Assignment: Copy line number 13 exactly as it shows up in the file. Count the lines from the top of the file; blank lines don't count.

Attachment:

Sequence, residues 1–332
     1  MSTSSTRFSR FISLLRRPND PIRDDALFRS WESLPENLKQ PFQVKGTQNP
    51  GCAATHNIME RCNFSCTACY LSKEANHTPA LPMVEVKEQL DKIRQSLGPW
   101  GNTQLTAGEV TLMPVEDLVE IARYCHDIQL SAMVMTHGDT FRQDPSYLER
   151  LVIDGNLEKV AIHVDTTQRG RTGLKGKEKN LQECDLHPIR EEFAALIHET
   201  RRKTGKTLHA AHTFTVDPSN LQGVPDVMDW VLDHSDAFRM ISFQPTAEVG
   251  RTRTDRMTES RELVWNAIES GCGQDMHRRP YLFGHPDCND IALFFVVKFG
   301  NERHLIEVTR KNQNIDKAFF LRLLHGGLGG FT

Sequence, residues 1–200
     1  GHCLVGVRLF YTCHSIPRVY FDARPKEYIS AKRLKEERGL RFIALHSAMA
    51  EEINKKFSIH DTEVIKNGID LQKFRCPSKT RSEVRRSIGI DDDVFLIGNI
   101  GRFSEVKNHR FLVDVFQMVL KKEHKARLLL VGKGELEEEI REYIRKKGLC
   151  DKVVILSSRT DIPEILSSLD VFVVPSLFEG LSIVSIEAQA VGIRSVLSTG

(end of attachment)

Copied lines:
   151  DKVVILSSRT DIPEILSSLD VFVVPSLFEG LSIVSIEAQA VGIRSVLSTG